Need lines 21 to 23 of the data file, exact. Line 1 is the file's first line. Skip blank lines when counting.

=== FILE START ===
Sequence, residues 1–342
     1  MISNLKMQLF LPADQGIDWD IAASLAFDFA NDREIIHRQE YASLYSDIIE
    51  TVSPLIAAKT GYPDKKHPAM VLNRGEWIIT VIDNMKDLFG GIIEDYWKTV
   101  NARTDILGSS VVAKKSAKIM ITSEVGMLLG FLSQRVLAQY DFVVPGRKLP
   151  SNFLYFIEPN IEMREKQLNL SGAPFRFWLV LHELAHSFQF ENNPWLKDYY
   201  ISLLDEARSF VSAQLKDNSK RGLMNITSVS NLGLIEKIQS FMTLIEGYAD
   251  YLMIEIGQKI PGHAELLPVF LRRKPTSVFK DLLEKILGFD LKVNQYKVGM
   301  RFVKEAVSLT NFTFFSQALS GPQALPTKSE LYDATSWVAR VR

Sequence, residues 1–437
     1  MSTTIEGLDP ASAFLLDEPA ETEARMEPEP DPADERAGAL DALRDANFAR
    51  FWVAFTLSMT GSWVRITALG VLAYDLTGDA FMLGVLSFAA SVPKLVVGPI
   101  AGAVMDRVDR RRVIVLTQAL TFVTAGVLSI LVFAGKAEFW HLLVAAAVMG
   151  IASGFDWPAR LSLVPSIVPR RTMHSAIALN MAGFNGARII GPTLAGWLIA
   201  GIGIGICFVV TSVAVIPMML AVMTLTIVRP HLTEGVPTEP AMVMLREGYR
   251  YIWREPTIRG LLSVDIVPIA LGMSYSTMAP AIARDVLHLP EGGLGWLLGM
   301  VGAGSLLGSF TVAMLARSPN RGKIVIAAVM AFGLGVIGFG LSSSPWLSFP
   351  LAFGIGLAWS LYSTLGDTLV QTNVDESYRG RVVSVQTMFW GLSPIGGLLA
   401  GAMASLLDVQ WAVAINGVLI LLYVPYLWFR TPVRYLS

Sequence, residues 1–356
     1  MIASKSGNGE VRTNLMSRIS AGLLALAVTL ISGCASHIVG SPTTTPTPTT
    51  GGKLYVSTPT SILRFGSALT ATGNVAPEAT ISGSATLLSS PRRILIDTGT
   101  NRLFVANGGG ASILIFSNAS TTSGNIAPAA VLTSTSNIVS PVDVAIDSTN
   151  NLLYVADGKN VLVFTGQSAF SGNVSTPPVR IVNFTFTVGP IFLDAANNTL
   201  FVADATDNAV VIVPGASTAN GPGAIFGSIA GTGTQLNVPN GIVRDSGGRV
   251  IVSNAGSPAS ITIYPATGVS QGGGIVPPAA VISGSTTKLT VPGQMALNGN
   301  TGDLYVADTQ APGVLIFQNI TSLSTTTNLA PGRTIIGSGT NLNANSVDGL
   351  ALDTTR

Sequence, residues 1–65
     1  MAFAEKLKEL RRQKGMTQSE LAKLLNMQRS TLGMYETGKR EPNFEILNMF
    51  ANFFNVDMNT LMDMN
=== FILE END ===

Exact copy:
    51  GGKLYVSTPT SILRFGSALT ATGNVAPEAT ISGSATLLSS PRRILIDTGT
   101  NRLFVANGGG ASILIFSNAS TTSGNIAPAA VLTSTSNIVS PVDVAIDSTN
   151  NLLYVADGKN VLVFTGQSAF SGNVSTPPVR IVNFTFTVGP IFLDAANNTL